Todd is sort of an enigma in this novel. I understood his moments of demonstrated growth but I wasn’t sold on how he behaved for the most part because it was often lacking authenticity of a realistic boy (let alone championing the hero status). It’s fine that he still makes the same naive decisions and gets caught in the same wishy washy trust dilemmas because he’s still young. But with the juggling act he has to maintain with those around him, the truth is: unless you’re some sociopath, it would seem plausible to believe that you become the lies and the truths you tell yourself. And considering the info-dump of a world they live in, Todd has indeed accepted the demons of both good and bad spectrums. It is noted that Todd, unlike many others in this info-dumb of a world, is able to feel emotion and that’s what makes him different. Yet by the same measure, his actions and thoughts when Viola is present (or not present) are sparsely different. Where is the Todd that grew up on the run from Prentisstown? The same Todd that had a profound moment when he realises he doesn’t need communication to begin understanding those around him? It feels like without Viola, he regresses back to single life of confusion and loneliness (which was basically a majority of his previous life anyways seeing as he was always the outcast-boy). I can find validation towards why he feels the need for companionship but it’s difficult to justify the emotional and romantic attachment that is clearly trying to be sold while disregarding the other qualities that come with the being young; such as being impressionable and how Todd handles his grieving and rage. It’s almost an unfair bias to say that he can get away with certain actions if they are not based around Viola but it happens. (I’m not making much sense here.)
Enter Viola: the one girl to rule them all. She was a solid voice and a worthy perspective to delve into. Her only irksome moment involved how her knees turned to jello from conversing with Lee, another boy. I won’t go much into this because it doesn’t really amount to much but perhaps it just shows that Viola is still very human, and very much a girl, despite everyone’s inclination that she’s some miracle child that will save them all (re: settler ship). And also, the fact that Todd and Viola’s relationship jumped from friends-to-love interest within the span of a few days is kind of amazing. And unrealistic.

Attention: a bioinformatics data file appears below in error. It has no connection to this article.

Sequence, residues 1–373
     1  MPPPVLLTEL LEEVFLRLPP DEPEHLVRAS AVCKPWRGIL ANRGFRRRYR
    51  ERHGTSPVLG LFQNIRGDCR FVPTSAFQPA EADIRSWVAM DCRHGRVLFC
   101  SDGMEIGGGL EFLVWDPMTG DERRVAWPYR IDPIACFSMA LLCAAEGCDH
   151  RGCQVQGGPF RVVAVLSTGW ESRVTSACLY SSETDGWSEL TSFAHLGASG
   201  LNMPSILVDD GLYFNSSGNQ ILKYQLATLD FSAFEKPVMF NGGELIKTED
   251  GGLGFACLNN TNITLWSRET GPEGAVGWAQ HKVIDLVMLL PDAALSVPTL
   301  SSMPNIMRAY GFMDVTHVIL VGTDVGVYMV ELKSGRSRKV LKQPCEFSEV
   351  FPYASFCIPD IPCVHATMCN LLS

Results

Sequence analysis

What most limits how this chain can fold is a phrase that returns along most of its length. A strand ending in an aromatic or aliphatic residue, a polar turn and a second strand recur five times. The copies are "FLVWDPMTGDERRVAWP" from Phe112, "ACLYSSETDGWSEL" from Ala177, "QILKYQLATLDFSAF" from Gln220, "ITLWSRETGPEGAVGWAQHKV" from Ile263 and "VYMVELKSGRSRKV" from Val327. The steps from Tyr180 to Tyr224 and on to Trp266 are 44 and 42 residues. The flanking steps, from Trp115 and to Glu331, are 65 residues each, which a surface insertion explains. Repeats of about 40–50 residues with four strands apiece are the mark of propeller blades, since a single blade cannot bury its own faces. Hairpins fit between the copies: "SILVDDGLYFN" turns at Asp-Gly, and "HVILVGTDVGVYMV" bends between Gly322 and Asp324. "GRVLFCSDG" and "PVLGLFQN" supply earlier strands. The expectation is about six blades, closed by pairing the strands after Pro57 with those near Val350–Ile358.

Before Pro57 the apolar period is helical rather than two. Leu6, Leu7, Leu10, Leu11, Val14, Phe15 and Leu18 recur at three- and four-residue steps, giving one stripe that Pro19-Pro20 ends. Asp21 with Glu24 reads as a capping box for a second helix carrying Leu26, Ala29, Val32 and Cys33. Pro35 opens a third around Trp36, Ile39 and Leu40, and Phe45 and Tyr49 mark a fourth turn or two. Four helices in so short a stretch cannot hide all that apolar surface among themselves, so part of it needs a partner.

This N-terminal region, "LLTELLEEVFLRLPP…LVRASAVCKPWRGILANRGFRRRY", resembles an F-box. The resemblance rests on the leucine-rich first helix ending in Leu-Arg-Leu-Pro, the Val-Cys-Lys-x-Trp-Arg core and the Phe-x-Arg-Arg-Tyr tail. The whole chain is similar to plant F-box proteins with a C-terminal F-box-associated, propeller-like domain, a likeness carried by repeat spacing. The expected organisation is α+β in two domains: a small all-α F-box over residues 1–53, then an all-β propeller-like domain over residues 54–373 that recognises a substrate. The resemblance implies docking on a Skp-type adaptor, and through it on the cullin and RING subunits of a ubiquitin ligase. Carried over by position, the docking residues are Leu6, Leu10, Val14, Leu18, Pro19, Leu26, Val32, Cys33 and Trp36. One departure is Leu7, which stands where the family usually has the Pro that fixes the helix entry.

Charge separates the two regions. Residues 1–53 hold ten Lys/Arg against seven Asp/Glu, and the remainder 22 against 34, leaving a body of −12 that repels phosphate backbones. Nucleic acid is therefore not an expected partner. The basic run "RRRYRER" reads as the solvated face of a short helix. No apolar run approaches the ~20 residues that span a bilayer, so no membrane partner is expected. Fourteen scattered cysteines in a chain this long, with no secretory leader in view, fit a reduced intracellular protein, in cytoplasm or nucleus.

Moving away from the protagonists, the antagonist and supporting cast really stepped up.
You start a novel and ask yourself what makes qualities make up a villain. The answer? Everything makes a true villain, even just being a character. This is how I can best explain why Mayor Prentiss and Mistress Coyle are excellent antagonists to Todd and Viola. If you wanted to go deeper, the conscious thought is the true villain of this entire series because that’s what guides the moral compass to decide the path taken by humanity…but that’s no fun. There’s something really sinister about characters that don’t speak (as much) but manipulate others to do their bidding for them. It’s even more unsettling with this particular noise-filled environment. Both characters are quite subtle in how they present themselves but their actions are anything but—and that’s what truly makes them wickedly exciting when you take into consideration the plethora of gray areas this book throws at you.
I can’t even begin to register my thoughts on how much I feel for Davy Prentiss. Fucking onions, man. It is his story line which was most poignant and raw. It is his bromance with Todd that was so awkwardly genuine. It is simply Davy Prentiss being Davy Prentiss that was so ridiculous and pompous yet so right and so real, and Ness used his wizardry ways and fucked it all up, again. First with Manchee…now with Davy; I just can’t. WHYWHYWHYWHYWHY?! (Sidenote: like I mentioned with Harry from A Monster Calls…Ness could have created a seemingly normal boy with growing feels for Todd. Think about it.)
And praise the freaking two moons of New World that Wilf is such an awesome old man who gives me old people feels. That is all.
This sequel is a step-up-and-down for many reasons and it might go back to how Ness, a wizard, casted doubt onto every facet of the story; particularly the character development of the non-protagonists where this narrative really flourished. I can’t recall the last time that I felt like I was doing wrong for not believing in an antagonist—wait, what? The pace of reading is indeed slower but the tension and suspense is still very relevant. The narrative really picks up at the latter half of the novel and pages don’t pass by quick enough. Like the first novel, The Ask and The Answer leaves off at a critical point (and cliffhanger) that begs for the final book to be waiting on deck and ready to be opened.
“….an idea lives on after the death of the person”
//end of review.
I think this could have been longer if I wasn’t going off of a months old memory and tabbed references pages. Here’s to hoping everything made sense! I also didn’t collect as many quotes as I thought I should have buuuut oh well, nor did I spend that much time as I usually do to edit it. UGH WHATEVER, LET ME JUST GO READ MONSTERS OF MEN AHHHHH.